Re: First 757 crash (and first AA fatality since 1979)

From:         dtmedin@cca.rockwell.com (David T. Medin)
Organization: Rockwell Avionics - Collins, Cedar Rapids, IA
Date:         08 Jan 96 01:37:28 
References:   1 2 3
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In article <airliners.1995.2057@ohare.Chicago.COM>, Gunnar Aaboe <gunnaraa@sn.no> writes:
> >Does any one have any
> >idea about what happened ?  The news here said that the pilot pulled up
> >when he saw the mountain.  How could the aircraft get so far off course?
> >I wonder if pilot fatigue was a factor... Maybe the pilots woke up when
> >the Ground Proximity Warning System warning horn sounded.  I also wonder
> >if there was a problem with the ILS system at the airport.
> >The pilots may have been attempting to intercept the localizer, but maybe
> >the localizer was not in operation. Hopefully we'll learn something
> >soon...

[stuff on radio ducting deleted]

> If a pilot
> use a ILS where the glidescope is too low he will not see any problems
> and not report any.  I don't think this has been the problem in this last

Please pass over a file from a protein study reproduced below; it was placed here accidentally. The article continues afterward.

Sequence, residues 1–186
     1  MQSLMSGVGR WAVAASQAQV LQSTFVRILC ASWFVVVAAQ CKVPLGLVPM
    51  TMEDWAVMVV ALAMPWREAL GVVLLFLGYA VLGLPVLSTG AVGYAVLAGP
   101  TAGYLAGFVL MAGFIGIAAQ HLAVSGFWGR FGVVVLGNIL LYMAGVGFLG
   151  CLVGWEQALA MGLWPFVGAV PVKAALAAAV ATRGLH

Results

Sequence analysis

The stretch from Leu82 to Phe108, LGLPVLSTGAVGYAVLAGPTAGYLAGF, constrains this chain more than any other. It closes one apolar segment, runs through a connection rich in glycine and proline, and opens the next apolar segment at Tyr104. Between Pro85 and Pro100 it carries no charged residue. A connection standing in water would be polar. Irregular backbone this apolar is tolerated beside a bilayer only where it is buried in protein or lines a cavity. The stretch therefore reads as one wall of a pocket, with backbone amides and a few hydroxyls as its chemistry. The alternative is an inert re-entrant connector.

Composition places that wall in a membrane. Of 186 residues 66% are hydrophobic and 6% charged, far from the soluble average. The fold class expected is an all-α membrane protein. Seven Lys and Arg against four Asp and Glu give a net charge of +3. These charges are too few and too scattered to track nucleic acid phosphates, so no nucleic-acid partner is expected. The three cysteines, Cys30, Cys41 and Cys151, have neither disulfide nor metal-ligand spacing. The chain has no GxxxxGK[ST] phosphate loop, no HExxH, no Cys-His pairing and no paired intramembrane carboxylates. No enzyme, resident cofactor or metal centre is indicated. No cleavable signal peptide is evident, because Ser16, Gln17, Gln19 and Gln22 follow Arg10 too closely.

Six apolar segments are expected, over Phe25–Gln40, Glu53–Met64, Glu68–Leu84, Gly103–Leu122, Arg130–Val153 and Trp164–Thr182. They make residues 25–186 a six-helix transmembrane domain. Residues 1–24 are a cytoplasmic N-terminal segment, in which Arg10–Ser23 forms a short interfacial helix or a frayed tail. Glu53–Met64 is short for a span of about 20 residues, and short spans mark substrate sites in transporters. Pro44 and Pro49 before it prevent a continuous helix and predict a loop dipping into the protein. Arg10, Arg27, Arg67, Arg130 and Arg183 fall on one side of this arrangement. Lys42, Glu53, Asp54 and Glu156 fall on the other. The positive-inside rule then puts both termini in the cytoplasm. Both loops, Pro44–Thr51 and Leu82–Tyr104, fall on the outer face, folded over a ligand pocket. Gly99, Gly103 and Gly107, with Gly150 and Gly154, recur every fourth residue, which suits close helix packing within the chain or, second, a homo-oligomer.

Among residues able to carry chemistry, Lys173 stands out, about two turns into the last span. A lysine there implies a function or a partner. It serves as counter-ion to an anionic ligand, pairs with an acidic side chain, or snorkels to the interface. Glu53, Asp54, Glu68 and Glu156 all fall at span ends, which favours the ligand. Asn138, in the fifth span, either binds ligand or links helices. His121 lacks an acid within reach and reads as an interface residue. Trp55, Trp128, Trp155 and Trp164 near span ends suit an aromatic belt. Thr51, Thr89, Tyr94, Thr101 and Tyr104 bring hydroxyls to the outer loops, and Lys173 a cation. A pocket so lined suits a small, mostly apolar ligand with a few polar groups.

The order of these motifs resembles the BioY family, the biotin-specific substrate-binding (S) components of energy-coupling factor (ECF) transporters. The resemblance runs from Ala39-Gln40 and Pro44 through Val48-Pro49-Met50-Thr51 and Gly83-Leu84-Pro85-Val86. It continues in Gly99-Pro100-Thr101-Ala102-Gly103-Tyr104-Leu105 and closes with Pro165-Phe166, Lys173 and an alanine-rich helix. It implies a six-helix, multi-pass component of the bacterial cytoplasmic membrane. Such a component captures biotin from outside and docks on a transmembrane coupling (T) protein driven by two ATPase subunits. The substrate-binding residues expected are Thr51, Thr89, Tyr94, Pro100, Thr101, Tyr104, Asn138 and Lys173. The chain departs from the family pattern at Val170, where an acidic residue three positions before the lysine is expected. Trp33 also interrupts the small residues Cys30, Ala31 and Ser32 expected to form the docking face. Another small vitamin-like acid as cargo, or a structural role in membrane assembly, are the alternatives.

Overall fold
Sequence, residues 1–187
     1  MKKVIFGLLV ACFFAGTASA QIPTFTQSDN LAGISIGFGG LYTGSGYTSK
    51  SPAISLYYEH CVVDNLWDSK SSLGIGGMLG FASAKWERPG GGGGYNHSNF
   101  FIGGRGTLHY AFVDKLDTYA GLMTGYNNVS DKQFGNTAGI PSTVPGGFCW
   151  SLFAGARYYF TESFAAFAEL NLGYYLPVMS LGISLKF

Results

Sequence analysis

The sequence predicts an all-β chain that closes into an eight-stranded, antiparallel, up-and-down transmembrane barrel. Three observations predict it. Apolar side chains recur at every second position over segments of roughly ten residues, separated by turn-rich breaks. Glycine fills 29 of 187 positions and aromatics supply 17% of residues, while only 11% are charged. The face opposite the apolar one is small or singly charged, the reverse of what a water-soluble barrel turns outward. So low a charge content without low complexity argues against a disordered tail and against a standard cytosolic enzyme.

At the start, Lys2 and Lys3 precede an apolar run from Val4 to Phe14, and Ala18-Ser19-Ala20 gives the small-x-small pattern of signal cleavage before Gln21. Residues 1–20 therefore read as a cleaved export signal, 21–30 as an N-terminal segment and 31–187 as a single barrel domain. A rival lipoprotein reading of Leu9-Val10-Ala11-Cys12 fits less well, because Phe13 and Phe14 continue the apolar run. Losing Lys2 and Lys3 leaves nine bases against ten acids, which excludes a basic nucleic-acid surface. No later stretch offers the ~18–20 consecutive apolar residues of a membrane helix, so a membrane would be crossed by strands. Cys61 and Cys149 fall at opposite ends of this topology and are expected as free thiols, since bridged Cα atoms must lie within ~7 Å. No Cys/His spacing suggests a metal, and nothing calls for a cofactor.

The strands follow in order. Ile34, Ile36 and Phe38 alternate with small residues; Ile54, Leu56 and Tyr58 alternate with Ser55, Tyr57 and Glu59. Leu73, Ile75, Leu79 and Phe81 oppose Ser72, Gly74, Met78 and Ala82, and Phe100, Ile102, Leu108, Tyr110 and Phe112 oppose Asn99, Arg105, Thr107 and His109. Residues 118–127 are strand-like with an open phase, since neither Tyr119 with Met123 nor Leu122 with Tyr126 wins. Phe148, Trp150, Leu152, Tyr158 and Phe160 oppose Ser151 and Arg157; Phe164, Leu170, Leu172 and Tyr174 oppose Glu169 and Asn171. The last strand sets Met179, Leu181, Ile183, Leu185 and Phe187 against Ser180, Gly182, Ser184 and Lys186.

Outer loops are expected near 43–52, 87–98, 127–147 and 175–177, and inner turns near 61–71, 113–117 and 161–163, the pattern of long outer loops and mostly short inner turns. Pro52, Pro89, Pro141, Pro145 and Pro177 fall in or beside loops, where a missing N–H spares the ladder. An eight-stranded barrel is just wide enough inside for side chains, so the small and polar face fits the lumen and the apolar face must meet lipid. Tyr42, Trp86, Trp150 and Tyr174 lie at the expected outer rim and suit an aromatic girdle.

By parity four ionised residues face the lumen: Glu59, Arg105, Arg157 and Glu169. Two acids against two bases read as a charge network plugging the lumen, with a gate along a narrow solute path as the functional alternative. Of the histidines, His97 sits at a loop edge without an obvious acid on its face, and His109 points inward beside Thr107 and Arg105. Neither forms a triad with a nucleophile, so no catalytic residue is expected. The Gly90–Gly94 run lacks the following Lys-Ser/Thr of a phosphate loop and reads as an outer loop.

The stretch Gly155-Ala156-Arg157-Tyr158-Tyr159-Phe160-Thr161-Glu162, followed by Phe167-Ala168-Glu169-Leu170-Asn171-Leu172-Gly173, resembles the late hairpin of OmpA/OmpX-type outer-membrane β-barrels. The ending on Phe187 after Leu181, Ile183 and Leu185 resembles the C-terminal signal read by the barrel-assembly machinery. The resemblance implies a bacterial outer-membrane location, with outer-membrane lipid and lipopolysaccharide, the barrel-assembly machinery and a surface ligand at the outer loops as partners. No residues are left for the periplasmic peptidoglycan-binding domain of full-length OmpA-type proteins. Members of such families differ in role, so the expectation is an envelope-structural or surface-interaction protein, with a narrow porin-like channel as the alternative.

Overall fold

> accident, but I think the people who have constructed this ILS systems
> and the people using them should know that under spesial conditions they
> do have have problem.

Ducting is not a problem on an ILS, if the procedure is correctly
flown. What can be more serious problem is picking up a false lobe of
the glideslope (happened to me once during training as an exercise),
but again flying the procedure will prevent this. The fixes used along
with altitude vary in their type (VOR, DME, NDB, RNAV, 75MHz marker),
but are not changed appreciably by ducting over the ranges and
geometries used.

The altitudes and approach fixes on the approach plan give information
that allows positive verification of the main lobe of the glideslope,
and the procedure turn or radar vectors give positive intercept of the
localizer. In other words, there is always information regarding what
altitude and in relation to what fixes the glideslope can be expected
to be intercepted, or an aircraft already on the glideslope can be
expected to pass through.  While the intercept may occur higher, the
aircraft will always pass through known altitudes at known fixes on
the way down. That's part of the cross-check used for sanity and
safety on an approach.

It sure looks like the flight crew lost situational awareness in this
case, but I don't think it was error in the navaids themselves.



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